Decision Oracles could also come through a person without the use of any objects. In 1 Kings 22:1 , a dramatic conflict arose while the kings of Judah and Israel together sought a decision Oracle. Prophets did sometimes use music as a means of receiving a decision Oracle as did Elisha (2 Kings 3:15 ). ...
Frequently, the Old Testament gives no indication as to how God communicated His pronouncement Oracles to His prophet or priest. Nahum and Habakkuk wrote of a vision or of seeing their Oracles (Nahum 1:1 ; Habakkuk 1:1 ). Through Jeremiah, God condemned those prophets who relied on dreams to receive an Oracle (Jeremiah 23:23-32 ). Several times God used scenes which the prophet saw as a means of giving a pronouncement Oracle. ...
Regardless of how the Oracle came, it was to be expressed to others. The priest or prophet told the Oracle to either the individual or a group. The pronouncement Oracles were often proclaimed in the city, even in a temple (Amos in Bethel and Jeremiah in Jerusalem). Many of the Oracles, though, give us no indication of where or when they were spoken. ...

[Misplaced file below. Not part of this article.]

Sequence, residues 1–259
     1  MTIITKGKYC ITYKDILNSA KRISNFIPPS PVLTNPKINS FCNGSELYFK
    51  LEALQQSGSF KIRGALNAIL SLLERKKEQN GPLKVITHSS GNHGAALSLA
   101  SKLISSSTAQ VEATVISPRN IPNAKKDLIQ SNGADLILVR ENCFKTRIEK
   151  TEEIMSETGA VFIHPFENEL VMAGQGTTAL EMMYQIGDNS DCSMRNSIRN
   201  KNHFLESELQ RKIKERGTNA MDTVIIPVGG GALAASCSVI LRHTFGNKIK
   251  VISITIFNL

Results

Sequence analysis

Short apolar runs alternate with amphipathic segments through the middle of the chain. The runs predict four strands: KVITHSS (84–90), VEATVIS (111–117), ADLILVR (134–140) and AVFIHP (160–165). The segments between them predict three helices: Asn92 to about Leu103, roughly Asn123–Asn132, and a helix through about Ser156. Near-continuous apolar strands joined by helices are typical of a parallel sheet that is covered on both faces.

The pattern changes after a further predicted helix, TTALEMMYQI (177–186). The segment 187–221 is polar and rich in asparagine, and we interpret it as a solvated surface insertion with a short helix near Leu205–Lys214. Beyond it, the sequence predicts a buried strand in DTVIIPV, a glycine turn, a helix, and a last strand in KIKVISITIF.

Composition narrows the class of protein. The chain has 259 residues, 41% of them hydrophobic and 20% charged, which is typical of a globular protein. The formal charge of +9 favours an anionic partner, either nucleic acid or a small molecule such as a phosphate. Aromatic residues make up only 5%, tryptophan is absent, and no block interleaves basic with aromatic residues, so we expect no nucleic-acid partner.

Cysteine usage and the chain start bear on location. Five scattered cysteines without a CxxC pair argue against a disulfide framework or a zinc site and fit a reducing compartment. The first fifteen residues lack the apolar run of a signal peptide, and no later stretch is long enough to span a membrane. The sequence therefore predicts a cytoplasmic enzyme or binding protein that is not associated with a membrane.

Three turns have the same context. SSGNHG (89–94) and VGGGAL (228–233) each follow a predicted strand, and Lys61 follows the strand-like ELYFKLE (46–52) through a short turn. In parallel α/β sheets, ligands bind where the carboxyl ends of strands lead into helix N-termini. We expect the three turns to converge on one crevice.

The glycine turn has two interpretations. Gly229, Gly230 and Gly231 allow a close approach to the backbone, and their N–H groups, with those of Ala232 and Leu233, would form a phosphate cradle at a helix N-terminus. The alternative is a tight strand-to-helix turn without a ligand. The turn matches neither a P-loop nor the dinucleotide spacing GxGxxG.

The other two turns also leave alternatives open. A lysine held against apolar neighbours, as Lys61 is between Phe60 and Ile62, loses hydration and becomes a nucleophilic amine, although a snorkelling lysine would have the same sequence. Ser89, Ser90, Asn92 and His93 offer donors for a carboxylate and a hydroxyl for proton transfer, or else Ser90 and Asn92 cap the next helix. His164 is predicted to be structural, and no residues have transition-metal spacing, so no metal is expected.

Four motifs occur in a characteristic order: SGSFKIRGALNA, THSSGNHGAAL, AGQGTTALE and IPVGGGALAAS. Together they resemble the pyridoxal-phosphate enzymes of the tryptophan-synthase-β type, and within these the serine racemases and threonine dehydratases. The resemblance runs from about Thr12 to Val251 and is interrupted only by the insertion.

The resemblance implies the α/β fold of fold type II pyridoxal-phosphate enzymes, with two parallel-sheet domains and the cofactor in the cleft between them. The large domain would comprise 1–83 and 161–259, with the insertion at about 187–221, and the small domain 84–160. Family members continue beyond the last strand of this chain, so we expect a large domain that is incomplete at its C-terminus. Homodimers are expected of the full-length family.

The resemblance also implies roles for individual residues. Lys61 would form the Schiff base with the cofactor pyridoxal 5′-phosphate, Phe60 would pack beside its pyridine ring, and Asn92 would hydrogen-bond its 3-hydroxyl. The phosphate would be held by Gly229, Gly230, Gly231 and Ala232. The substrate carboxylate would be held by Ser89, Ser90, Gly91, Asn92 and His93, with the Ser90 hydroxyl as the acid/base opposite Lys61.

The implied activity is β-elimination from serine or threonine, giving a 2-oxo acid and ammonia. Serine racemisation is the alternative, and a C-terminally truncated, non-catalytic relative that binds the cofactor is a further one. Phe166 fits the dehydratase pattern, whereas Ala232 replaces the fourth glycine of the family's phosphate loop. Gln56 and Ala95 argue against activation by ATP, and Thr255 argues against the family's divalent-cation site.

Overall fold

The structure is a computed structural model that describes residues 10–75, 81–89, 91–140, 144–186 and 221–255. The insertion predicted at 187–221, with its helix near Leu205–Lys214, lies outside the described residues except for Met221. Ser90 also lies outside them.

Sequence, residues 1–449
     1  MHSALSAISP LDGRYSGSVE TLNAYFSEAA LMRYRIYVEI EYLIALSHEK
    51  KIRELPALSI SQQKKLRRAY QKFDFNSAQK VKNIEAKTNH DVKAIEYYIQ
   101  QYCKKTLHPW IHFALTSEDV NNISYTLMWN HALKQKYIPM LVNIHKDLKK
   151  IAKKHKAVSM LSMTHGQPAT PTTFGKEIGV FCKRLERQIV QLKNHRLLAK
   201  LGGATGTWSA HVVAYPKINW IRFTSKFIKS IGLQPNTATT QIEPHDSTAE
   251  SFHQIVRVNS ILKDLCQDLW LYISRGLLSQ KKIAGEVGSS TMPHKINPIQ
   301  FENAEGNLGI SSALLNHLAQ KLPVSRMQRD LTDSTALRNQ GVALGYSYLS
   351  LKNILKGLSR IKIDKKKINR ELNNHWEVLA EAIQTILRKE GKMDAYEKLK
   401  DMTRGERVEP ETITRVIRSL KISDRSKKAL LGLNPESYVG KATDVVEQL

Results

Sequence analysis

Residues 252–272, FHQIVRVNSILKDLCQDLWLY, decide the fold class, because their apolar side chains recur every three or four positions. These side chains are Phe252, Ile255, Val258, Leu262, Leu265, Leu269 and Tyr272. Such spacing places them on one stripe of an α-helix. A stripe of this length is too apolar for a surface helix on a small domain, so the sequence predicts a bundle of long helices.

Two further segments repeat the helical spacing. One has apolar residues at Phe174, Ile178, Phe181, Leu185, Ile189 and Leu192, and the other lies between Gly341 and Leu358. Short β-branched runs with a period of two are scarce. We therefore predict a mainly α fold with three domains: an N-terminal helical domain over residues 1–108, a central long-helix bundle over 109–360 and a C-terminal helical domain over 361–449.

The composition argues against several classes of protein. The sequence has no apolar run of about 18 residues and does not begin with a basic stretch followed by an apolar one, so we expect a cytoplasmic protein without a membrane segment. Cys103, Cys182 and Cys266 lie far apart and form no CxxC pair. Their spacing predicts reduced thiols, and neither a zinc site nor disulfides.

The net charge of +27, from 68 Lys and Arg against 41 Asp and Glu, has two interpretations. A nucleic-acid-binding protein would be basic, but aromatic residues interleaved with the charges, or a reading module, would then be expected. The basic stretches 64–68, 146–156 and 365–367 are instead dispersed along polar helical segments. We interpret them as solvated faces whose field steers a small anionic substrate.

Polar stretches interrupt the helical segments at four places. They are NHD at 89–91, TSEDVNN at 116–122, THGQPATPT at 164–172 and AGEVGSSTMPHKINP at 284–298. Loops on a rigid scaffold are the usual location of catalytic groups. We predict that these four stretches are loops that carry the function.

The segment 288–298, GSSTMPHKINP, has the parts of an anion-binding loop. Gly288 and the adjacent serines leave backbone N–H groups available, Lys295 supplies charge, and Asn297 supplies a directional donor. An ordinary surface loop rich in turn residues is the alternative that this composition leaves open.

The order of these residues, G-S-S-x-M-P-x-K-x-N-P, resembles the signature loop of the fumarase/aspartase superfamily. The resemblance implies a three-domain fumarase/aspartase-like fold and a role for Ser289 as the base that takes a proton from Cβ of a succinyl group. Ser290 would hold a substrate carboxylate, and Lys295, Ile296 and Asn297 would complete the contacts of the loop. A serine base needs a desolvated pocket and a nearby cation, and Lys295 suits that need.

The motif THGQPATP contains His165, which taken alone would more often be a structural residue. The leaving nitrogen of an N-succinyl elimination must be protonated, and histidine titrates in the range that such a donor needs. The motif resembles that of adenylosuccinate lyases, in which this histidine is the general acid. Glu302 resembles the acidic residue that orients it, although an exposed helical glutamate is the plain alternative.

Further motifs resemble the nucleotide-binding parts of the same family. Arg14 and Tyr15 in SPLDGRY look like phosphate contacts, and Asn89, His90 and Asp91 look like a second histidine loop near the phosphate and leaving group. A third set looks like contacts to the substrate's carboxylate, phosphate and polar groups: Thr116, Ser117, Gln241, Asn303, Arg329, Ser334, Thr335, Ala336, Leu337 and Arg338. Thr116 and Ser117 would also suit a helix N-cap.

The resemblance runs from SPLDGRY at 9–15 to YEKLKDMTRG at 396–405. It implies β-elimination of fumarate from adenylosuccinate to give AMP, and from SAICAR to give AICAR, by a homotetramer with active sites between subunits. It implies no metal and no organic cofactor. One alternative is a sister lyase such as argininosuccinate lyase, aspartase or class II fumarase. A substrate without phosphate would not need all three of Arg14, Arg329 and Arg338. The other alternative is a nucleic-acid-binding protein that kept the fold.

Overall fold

Oracles which were not simply yes or no seem most often to have been given in poetic form. Though given orally in the beginning, at some time the pronouncement Oracles were written down. Whatever the case, the Oracles were given by God and preserved for us. ...
How Did People Respond to the Oracles? Again, a distinction should be made between the decision and the pronouncement Oracles. Others, who heard Oracles they had neither sought nor welcomed, may not have been as quick to accept the pronouncement (consider Elijah's words to Ahab, 1 Kings 21:20-24 ). Most often the response of those who heard or read the Oracles of God can be guessed at. First, Oracles were remembered long after their pronouncement. When Jehu killed Joram (2 Kings 9:25 ), he had the body taken to Naboth's vineyard in order that an Oracle pronounced in Ahab's day might be fulfilled. Thus, the Oracles are still functioning
Nebo - The word Nebo comes from a root that signifies "to prophesy," and therefore may stand for an Oracle. The god Bel was the Oracle of the Babylonians
Load - ...
Maśśâ' (מַשָּׂא, Strong's #4853), “utterance; Oracle. Maśśâ' means “utterance” or “oracle”: “For remember, when you and I rode side by side behind Ahab his father, how the Lord uttered this Oracle against him” (2 Kings 9:25, RSV). 23:33-38 the word appears to connote both a burden and an Oracle